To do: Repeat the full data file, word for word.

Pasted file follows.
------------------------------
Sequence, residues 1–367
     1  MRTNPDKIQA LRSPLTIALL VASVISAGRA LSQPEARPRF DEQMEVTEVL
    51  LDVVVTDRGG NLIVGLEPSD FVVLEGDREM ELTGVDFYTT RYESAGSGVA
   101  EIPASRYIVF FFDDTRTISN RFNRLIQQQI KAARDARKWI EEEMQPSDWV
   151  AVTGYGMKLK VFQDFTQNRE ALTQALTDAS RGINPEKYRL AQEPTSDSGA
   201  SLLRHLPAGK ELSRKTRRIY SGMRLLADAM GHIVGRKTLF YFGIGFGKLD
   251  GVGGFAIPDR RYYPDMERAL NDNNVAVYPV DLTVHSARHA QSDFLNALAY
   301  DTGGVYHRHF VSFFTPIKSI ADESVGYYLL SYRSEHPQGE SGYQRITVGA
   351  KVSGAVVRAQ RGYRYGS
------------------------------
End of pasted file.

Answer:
Sequence, residues 1–367
     1  MRTNPDKIQA LRSPLTIALL VASVISAGRA LSQPEARPRF DEQMEVTEVL
    51  LDVVVTDRGG NLIVGLEPSD FVVLEGDREM ELTGVDFYTT RYESAGSGVA
   101  EIPASRYIVF FFDDTRTISN RFNRLIQQQI KAARDARKWI EEEMQPSDWV
   151  AVTGYGMKLK VFQDFTQNRE ALTQALTDAS RGINPEKYRL AQEPTSDSGA
   201  SLLRHLPAGK ELSRKTRRIY SGMRLLADAM GHIVGRKTLF YFGIGFGKLD
   251  GVGGFAIPDR RYYPDMERAL NDNNVAVYPV DLTVHSARHA QSDFLNALAY
   301  DTGGVYHRHF VSFFTPIKSI ADESVGYYLL SYRSEHPQGE SGYQRITVGA
   351  KVSGAVVRAQ RGYRYGS